Old and new political alliances will have to face the consequences of European citizens’ votes, adapt to survive as groups, or see their power falter. The Eurosceptic landscape may be modified for years to come.
Current Eurosceptic groups will “suffer”
“At the moment we have two groups catering toward the Eurosceptic,” explains Cas Mudde, whose research focuses on European, populist, radical-right parties.
To form an official group, at least 25 members of parliament must join and they must represent at least seven of the 28 member states of the European Union.
Mudde, who is Dutch but working at the University of Georgia in the US, told euronews: “The European Conservatives and Reformists (ECR) are the kind of ‘soft’ Eurosceptic, who by and large support the EU, but think it should be predominantly economic.”
The ECR currently has 56 MEPs, 7.3% of the total 766, provided in majority by the British Conservative Party and the Czech Republic’s Civic Democratic Party (ODS).
The future of the ECR does not look bright, according to Mudde. “The ECR will have problems after 2014 as various member parties will not make it back into the EP (such as the Belgian Flemish LDD and the Modern Hungary Movement) and two of the largest parties, the ODS and Conservative Party, will lose a lot of seats.”
For example, the Tories, the best-performing British party in the 2009 European elections with 27.7% of the national vote, now lag in the polls in third place behind UKIP and the Labour Party, with 21% of voter intentions.
Also, some minor parties of the ECR group, Mudde suggests, “might be more attracted to a ‘harder’ Eurosceptic group”.
As a result, the most recent projections for the 2014 European elections, made in collaboration with the European Parliament and TNS Opinion, give the ECR 41 MEPs, 5.46% of the total of 751.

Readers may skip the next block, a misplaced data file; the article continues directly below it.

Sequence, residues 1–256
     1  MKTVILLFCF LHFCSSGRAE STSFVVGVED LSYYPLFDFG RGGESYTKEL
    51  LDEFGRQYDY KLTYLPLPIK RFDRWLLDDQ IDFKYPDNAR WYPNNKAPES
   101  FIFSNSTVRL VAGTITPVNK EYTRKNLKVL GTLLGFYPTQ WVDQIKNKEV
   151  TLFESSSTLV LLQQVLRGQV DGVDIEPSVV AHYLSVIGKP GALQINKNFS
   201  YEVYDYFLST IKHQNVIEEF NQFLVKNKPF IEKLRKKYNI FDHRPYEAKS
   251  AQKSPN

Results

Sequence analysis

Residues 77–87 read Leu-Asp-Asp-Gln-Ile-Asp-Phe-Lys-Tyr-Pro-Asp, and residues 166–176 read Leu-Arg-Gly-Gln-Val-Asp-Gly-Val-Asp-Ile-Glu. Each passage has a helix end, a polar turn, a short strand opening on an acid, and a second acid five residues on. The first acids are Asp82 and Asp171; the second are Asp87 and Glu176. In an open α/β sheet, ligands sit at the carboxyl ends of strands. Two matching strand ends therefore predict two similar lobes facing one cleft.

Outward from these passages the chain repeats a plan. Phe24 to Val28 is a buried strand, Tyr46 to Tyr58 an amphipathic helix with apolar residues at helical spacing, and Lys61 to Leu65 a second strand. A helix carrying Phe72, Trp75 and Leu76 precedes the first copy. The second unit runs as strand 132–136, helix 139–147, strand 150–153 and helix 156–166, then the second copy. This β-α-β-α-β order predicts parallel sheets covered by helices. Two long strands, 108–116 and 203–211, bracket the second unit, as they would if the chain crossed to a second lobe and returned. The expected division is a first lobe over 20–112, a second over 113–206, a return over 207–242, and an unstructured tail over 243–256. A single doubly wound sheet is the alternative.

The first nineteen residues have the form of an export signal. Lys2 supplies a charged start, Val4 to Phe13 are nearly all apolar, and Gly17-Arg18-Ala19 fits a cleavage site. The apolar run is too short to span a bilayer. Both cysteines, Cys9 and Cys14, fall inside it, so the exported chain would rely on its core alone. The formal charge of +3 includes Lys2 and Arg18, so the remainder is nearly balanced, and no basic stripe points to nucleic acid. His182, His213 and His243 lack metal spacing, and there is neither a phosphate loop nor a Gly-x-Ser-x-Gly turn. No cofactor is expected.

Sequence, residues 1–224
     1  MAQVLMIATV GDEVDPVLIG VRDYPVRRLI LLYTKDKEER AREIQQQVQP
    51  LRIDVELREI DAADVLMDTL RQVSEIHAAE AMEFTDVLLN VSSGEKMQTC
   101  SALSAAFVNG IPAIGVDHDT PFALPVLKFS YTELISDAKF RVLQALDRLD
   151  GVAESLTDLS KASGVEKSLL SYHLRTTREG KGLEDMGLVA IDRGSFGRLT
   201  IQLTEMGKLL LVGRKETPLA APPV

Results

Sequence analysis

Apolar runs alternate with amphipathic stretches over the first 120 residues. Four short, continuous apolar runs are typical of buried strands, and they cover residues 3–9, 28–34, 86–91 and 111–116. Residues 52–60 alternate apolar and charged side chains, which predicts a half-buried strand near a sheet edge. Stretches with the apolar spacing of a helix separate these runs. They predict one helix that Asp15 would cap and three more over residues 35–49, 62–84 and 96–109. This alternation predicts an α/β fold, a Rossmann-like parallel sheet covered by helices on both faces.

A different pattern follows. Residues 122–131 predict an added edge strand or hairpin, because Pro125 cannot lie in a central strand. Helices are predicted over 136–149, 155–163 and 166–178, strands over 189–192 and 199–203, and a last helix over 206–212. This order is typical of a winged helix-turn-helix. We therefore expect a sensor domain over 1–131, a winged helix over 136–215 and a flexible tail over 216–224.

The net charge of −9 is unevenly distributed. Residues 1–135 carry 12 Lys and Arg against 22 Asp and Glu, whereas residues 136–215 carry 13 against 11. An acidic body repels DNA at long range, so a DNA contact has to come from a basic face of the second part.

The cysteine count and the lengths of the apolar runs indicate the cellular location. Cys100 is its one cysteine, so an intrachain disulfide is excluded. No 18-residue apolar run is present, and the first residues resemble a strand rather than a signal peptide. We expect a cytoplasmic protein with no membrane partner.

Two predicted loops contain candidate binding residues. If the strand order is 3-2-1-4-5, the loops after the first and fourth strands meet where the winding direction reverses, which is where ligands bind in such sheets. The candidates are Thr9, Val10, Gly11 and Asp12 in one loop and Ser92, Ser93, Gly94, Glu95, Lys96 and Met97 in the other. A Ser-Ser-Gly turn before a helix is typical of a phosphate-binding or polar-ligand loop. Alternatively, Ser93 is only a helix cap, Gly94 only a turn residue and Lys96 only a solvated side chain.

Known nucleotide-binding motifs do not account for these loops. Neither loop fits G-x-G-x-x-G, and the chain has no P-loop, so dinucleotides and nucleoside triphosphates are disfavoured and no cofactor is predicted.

The second alliance catering to Eurosceptics is the Europe of Freedom and Democracy (EFD) group, Mudde explains, with its “harder” Euro-scepticism doctrine. Thirty three MEPs are currently members of the EFD, equating to 4.3% of all seats in the European Parliament. Britain’s UKIP and Italy’s Lega Nord (Northern league) are its driving forces.
However, despite Nigel Farage and UKIP’s strong momentum in Britain, the EFD “are also going to suffer” in the coming elections, Mudde says
Latest projections give the EFD 3.86%, or 29 seats, after the 2014 European elections.
Outshone by other right-wing parties in their respective countries, other EFD members,such as Greece’s LAOS and France’s Mouvement pour la France, “will not return to the European Parliament,” Mudde says.
In addition, EFD is poised to lose members to more radical alliances. “The Lega Nord has committed to the European Alliance for Freedom (EAF) and rumour has it that the Slovak National Party will also join EAF,” added Mudde.
Further right, another new group?
The European Alliance for Freedom (EAF) is a pan-European political party, composed of far-right nationalist parties that also include hard Euroscepticism in their manifesto, such as France’s Front National, the Netherlands’ PVV and Austria’s FPÖ.
They hope, Reuters reports, to gain enough momentum to create a political group of nationalist parties in European Parliament. This group would then entitle members to more office space and support staff as well as EU funds for meetings and publicity.